To belatedly celebrate and show my heart-felt thanks to all you SewVeraVenus readers and followers for your ongoing interest and encouragement I’ll be posting a new free downloadable pattern quite soon: I thought I’d do that new LBD pattern in two sizes and also a give-away draw for one printed and mailed to anywhere copy of this dress pattern. Plum 40's copycat dressStay tuned for the announcement. I hesitate to say how ‘soon’ is quite soon… as I need to digitize and redraw it, but I’ll try for not too long a ‘soon’. Meanwhile I leave you with this swinging clip from White Mink.


19 thoughts on “Capital ‘V’ Vintage, A Bias LBD & A 2yr Blogoversary!

  1. I’m so jealous that you could draw up a pattern, cut out and make a dress and wear it all in one day. Well done.

    1. 🙂 I doesn’t happen all that often- only worked this time because the dress was based on that pj top, the seams are all simply pinked and there’s no zip.

  2. You are awesome! Love the brown satin (thanks for showing it off), looove the LBD (and I was thinking, want the pattern, want the pattern, and then what do you do? Offer us the pattern!).
    I made my first silk slip last week, cut on the bias. It was a little tricky, but I used your tips – spanking new sharp needle and put paper under the silk when I sewed the lace to the bottom…worked ok for a first try. Think I might have stretched the side seams a little as they are a bit bubbly. Pressing them improved it, perhaps that will drop out?
    Anyway, all good practice for your LBD, which looks divinely sinuous!

    1. I like ‘awesome’! thank you 🙂

      Re-bias seams bubbling, it is often a problem to some degree. Tons of vintage pieces bubble a bit too and many modern high-street bias dresses bubble terribly. I find a hand washing can help pull any stretched bits back into line on things like slips or french knickers. Wish I had a one-shot answer for it but patience and just gaining more bias sewing experience helps. Even though I’ve sewn a lot of bias I feel it’s a perpetual learning curve.

      Paper under the lace is someone elses tip I think, but did it help keep the bias hem from distorting? I may have to try that out. I use paper for tissue paper-sandwich cutting-out for slippy fabrics but hardly ever for sewing…the picking it out of stitches tests my patience! How did you find that to do?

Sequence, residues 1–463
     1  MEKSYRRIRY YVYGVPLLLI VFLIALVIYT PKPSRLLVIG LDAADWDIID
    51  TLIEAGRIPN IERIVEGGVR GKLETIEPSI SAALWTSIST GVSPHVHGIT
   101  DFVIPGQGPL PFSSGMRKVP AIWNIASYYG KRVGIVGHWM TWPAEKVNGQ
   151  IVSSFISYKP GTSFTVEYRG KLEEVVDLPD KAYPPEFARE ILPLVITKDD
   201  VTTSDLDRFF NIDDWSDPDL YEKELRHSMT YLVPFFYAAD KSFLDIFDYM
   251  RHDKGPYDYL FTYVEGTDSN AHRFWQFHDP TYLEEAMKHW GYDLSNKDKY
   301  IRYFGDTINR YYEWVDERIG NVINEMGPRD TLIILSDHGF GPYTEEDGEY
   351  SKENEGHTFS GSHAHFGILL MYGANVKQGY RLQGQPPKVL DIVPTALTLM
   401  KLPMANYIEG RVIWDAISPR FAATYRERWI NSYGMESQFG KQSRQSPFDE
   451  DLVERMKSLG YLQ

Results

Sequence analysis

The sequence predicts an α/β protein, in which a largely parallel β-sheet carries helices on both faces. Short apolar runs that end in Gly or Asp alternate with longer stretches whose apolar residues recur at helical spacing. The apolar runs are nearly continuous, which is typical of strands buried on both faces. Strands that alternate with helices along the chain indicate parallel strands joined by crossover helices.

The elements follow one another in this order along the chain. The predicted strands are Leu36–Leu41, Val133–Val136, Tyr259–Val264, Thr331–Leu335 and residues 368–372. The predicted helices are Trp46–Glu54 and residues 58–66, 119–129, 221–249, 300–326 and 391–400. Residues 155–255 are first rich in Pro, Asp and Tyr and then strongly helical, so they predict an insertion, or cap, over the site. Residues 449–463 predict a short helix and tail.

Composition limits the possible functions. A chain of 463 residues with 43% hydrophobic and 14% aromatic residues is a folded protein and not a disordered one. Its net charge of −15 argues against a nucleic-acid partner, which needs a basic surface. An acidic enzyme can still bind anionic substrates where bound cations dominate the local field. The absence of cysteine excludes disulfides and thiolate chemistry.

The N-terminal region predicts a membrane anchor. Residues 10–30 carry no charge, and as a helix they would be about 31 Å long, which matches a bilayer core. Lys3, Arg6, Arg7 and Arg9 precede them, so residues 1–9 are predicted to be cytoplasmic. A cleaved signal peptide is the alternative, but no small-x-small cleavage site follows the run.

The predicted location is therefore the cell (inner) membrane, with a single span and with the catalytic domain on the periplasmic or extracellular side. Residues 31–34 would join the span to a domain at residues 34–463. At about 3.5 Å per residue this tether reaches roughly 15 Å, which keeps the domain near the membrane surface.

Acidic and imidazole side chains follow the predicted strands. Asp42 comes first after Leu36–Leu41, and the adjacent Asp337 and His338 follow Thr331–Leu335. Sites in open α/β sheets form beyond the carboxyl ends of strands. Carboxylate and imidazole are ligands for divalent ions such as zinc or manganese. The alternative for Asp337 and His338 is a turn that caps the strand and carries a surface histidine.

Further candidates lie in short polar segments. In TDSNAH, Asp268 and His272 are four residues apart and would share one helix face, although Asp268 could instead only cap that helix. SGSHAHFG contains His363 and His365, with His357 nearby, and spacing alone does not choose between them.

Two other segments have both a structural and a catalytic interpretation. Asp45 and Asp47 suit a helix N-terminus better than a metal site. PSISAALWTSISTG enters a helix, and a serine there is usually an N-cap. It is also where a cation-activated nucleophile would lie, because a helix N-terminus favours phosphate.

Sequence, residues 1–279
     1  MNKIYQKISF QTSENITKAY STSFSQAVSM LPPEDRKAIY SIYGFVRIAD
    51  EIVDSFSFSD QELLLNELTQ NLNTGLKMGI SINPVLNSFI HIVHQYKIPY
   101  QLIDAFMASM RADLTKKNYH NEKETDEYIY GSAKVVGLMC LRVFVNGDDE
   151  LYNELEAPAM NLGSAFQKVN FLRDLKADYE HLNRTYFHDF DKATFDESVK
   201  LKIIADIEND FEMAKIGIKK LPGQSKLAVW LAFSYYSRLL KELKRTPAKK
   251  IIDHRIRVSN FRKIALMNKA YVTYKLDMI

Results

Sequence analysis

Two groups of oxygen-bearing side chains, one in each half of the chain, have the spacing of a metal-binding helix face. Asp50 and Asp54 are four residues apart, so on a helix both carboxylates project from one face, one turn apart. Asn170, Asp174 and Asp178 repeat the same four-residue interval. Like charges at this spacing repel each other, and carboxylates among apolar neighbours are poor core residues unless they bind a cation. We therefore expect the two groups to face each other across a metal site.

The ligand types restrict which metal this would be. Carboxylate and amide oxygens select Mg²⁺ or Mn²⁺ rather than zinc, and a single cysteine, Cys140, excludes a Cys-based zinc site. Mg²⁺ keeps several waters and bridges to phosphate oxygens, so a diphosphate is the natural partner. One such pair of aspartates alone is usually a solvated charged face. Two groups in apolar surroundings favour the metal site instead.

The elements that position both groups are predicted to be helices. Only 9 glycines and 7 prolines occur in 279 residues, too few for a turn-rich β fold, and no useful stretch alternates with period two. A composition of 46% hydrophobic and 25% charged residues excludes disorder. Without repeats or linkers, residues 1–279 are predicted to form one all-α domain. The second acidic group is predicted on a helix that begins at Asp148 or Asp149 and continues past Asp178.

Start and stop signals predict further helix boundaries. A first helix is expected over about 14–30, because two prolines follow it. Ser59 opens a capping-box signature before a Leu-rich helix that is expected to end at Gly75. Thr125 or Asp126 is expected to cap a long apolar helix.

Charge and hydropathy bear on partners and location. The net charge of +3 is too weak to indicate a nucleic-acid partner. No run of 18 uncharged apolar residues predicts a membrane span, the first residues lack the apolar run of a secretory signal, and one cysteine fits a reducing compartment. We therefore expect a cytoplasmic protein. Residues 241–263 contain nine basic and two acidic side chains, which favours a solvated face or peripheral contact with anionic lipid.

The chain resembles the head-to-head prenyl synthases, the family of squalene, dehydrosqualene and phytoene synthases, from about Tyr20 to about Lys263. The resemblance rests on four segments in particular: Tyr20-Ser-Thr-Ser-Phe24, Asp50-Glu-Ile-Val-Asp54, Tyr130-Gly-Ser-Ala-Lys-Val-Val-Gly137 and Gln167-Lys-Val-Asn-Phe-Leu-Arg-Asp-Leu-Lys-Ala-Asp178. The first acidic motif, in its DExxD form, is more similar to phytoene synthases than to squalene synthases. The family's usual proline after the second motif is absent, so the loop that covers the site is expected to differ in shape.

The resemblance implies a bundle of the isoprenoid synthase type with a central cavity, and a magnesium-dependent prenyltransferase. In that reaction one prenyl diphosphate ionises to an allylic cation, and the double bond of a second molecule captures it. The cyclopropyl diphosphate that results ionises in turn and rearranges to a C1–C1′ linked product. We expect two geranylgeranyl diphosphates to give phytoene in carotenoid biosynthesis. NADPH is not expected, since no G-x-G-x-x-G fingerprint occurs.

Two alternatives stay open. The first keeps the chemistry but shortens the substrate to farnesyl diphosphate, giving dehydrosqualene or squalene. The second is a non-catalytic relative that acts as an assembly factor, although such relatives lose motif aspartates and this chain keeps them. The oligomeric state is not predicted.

1. I have to admit the paper is still in there! Well I used it under the lace which I was zigzagging into the silk hem, around the lace designs. It was slipping all over so I just grabbed a sheet of copy paper and it stabilised everything, but I hadn’t really thought how to get it out after! I got the excess away easy enough, but I’m hoping with a hand wash it will melt away, hmmm wishful thinking? The bubbled seams have settled now after a few wearings, thanks for your encouragement and tips as always!

  3. Ooh those magazines look gorgeous. I have a small collection of old reading material have never found anything in good condition from as early as 1939!! Miss B xoxo

  4. So envious of your Vintage finds. I love those magazines! And, the Bloggin Blues dress is a favorite. Would you ever consider making the pattern available to all or is this a one off?

    1. It was a good day for finds! Many are not but the search is always enjoyable. A few French dealers bring stuff to sell in Lewes these days which makes for some interesting and different things to see.
      As to the Bloggin Blues dress, yes, for now just a one off copy as I’ll be hand drawing that one out. When I get it digitized it may be a different story.

  5. love the dress what a wonderful shop wish we had something here is SA like that

  6. Oh I would love a copy of your purple dress pattern! I will have to keep an eye out for that! Your ’30’s dress is stunning, I hope you do get a chance to wear it,